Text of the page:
Report explores the rise of automated journalism

robot-journalistLast year I looked at the growing trend for automated journalism, with a number of tools being used to create everything from stock reports to weather updates.

A recent paper from the Tow Center for Digital Journalism set out to explore the issue in more depth.

As I mentioned in my own analysis, the current application of the technology is largely taking machine readable data and translating that into text form.  So things like sports reporting or financial updates are ideal for automation.

Telling the difference

I’ve written previously about studies exploring how readers perceive automated stories.  Interestingly, our preference for automation seemed to differ depending on the topic of the article.  Readers preferred the robot when the article was about finance, but the human when the topic was healthcare.

“It seems that we might not be as comfortable with robots delivering news related to health,” the authors say. “We suspect that this was because of an ‘eeriness’ or a creepy feeling the participants felt, and our results backed this up.”

At the moment, machine generated text is fairly short with a large dollop of quantitative data, but there are signs that things are getting much better.

I’ve written previously for instance about the ability for machines to understand human like constructs, such as stories, sarcasm, humor and even empathy.

There has also been the development of tools such as WriteLab, which aims to provide automated feedback on human generated text of whatever form.

Early days

Suffice to say, there is still a lot of progress to be made before this enters the mainstream.  The Tow report highlights a number of high profile mistakes made by automated systems, but it’s perfectly feasible for these mistakes to be overcome and the error rate has been reduced significantly, and certainly to a level comparable with that of human editors.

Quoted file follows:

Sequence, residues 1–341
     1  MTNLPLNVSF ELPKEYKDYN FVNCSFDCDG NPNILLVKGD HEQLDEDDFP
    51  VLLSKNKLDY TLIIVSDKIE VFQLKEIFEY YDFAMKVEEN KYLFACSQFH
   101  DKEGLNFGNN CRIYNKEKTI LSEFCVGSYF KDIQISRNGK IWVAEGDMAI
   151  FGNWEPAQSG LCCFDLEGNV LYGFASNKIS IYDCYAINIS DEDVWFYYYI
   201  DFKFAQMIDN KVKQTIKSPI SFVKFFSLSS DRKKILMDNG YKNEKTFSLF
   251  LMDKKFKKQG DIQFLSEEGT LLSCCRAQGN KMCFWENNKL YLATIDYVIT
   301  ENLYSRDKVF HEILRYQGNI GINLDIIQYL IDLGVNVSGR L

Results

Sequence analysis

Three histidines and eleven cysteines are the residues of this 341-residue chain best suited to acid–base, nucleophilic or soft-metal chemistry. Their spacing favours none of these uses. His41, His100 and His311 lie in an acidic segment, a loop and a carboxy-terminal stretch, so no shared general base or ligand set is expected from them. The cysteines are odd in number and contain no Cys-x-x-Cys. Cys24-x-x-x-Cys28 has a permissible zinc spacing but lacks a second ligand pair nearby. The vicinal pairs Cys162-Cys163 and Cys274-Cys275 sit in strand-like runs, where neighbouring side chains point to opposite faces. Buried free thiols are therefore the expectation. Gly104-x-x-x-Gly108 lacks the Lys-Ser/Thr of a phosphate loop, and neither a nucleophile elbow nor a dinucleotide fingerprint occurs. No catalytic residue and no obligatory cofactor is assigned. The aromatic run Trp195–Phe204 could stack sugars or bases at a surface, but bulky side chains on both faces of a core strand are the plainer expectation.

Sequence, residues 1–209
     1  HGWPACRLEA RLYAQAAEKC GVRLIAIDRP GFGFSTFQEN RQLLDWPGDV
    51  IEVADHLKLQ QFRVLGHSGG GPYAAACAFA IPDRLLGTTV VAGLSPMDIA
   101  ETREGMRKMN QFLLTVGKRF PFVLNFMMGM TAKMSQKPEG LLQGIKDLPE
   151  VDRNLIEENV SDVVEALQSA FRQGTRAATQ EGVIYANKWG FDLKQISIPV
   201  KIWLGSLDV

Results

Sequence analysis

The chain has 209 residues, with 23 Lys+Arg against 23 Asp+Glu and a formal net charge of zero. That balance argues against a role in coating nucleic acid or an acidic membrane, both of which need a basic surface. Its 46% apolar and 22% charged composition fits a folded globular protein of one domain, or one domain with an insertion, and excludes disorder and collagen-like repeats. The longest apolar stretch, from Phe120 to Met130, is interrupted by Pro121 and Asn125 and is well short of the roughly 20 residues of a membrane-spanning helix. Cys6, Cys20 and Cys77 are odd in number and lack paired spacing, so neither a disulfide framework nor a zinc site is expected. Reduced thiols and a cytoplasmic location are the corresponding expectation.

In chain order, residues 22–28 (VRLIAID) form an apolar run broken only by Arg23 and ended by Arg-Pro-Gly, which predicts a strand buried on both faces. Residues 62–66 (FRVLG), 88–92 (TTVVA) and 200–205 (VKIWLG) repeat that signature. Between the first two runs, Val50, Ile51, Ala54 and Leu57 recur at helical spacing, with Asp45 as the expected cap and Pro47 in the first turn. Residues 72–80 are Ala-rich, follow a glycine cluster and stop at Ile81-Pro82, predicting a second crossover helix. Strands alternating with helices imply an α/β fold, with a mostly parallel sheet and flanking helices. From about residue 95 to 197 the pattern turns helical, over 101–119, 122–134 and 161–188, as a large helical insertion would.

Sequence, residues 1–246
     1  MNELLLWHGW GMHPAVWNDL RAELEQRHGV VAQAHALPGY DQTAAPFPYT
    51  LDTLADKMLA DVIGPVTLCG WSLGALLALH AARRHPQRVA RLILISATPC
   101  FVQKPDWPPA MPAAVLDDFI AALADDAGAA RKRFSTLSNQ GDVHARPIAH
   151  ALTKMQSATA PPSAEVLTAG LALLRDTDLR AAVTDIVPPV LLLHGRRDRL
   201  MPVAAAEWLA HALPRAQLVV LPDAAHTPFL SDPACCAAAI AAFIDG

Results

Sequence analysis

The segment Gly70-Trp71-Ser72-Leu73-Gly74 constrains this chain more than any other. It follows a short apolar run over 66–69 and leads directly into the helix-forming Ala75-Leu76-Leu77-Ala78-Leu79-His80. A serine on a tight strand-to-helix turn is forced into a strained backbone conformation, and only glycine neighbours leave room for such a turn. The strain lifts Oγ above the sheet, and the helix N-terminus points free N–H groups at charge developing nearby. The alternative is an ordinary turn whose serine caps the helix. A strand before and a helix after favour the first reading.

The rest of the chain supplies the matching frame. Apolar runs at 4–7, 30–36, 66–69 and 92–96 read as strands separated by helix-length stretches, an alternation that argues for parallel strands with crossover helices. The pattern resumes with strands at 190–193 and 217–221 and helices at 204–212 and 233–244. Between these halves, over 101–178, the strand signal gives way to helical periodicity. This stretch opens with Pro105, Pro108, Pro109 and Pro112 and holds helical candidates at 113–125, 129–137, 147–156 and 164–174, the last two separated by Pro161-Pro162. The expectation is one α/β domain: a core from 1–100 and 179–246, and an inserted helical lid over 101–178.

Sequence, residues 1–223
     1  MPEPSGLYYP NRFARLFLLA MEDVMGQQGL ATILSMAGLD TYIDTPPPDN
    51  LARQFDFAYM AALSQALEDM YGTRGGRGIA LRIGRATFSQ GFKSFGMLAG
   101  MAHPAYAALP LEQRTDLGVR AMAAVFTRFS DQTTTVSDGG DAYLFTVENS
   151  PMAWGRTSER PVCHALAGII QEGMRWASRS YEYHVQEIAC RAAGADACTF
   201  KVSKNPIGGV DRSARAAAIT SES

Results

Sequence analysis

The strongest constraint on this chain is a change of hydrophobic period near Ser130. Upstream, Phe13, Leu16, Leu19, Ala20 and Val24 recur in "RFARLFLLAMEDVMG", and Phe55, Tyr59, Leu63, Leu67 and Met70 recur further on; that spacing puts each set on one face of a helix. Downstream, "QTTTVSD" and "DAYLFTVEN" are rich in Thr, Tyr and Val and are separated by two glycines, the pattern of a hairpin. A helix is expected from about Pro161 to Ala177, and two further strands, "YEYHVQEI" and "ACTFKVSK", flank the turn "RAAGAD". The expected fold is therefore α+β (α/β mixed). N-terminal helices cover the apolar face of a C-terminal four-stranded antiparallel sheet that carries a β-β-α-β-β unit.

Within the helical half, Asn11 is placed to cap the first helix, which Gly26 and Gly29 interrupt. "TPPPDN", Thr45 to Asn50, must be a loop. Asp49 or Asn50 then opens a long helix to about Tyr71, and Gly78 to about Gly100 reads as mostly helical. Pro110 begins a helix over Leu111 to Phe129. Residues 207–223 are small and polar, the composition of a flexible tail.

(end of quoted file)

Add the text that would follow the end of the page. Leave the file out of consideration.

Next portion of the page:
And that’s an important factor to remember, for we often hold automated systems to much higher standards than we do humans.  Driverless cars for instance, are expected to operate with no errors, despite hundreds of deaths occurring on our roads each day as a result of driver error.

It’s unlikely that journalism will be completely automated any time soon, as even the stories that are automated still require strong data behind them in order to make sense.

The Tow report suggests that a more likely future is that automation will take over some jobs from humans, leaving more time to research and investigate stories.

There may even be instances where the computer produces a first attempt, and the human then edits accordingly.  For instance, after a football match has finished, the computer can rapidly produce a report that’s then checked over by a human before going live.

An uncertain future

With service such as Write Lab providing strong editorial features already however, this relatively low-level sense making is also something that is likely to be automated before too long.

If this forces journalists to up their game and produce higher quality pieces then everyone should win, but it seems inevitable that there will be casualties along the way.

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2 thoughts on “Report explores the rise of automated journalism

  1. It seems inevitable that this will grow and grow, especially as we expect news on an ever wider range of topics in an ever quicker amount of time.

  2. Automation journalism can be true because it seems that everything is possible with the technology now. However, there is still difference when it comes in how the human writing stories and automation stories.

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